Mostly, I don't like washing feet on Maundy Thursday.
I don't like it for a number of reasons.
Theologically, I don't think it carries the same meaning it did for Jesus and his disciples, for whom the act was a combination of humble servanthood and hospitality. On the other hand, it does seem to cause a lot of people embarrassment.
We don't use our feet as our main mode of transportation these days. Feet don't get nearly as dusty and dirty. I try to imagine, only somewhat successfully, what the water must have felt like to those whose feet were sore and dusty and dirty from all of the places they had been and all of the things they had done. It's not the same.
Practically speaking, whenever we wash feet, I have to call a few people on the telephone and ask if they are coming to Maundy Thursday services and, if so, if I can wash their feet. Mostly, people say 'no,' because their feet are ugly, or they just have this thing about feet.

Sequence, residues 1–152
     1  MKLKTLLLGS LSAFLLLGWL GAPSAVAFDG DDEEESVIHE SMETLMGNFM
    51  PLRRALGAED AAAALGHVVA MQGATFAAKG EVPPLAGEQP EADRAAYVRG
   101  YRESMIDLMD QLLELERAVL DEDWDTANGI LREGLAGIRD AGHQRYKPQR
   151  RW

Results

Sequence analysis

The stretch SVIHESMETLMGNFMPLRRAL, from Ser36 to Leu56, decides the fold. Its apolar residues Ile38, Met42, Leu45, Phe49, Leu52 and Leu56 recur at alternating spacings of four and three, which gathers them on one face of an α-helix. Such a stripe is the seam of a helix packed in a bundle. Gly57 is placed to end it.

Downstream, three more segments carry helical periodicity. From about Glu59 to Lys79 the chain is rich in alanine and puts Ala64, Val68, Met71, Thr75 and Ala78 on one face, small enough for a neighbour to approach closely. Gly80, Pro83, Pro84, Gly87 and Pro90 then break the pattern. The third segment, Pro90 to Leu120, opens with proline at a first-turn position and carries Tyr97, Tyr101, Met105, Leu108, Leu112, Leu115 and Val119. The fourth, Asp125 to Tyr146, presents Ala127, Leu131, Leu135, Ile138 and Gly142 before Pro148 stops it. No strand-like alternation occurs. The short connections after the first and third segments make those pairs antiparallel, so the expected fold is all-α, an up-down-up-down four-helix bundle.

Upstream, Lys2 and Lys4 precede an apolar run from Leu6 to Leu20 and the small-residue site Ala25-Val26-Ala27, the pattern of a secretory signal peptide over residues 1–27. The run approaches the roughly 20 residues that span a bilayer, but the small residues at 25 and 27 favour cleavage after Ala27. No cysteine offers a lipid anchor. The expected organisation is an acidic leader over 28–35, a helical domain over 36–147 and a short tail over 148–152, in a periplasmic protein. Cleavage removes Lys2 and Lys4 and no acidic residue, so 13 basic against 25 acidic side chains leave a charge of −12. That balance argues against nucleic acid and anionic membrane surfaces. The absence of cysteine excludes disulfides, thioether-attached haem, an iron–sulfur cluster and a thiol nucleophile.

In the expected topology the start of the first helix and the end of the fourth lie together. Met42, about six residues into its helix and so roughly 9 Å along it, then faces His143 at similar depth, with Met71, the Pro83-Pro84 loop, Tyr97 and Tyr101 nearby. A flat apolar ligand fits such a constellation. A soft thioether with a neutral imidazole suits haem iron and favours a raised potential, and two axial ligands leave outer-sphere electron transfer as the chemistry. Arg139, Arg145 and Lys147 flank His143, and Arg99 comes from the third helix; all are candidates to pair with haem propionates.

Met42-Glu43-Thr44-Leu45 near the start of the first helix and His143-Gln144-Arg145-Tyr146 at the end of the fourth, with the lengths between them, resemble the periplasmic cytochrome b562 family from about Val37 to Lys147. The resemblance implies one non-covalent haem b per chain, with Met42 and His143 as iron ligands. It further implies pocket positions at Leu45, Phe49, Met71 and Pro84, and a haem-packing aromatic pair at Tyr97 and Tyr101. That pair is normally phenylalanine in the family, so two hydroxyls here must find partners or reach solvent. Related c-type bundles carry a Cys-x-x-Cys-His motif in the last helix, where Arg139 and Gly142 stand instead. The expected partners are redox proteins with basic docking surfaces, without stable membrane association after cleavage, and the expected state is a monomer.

Jesus said, "Love one another as I have loved you."
It's so tempting just to leave it at those words. But Jesus didn't do that. He made the words real by bending down and washing his disciples' feet. He made the words real by bending down, bending over, getting down on his knees. He made the words real by looking at each of his disciples, looking them in the eye, making them feel both refreshed and shocked at the same time.
If these three great days are about anything at all, I hope they are about keeping love real. The services where we tell the story are not the means simply to manipulate emotions, but they are means to hear the story, and make it real in our lives, and for the sake of the world.
If we do it right, the world will be both refreshed and shocked.
Triduum: washing feet, carrying a cross, falling down and getting up, keepin' it real for the next three days.
"Love one another as I have loved you."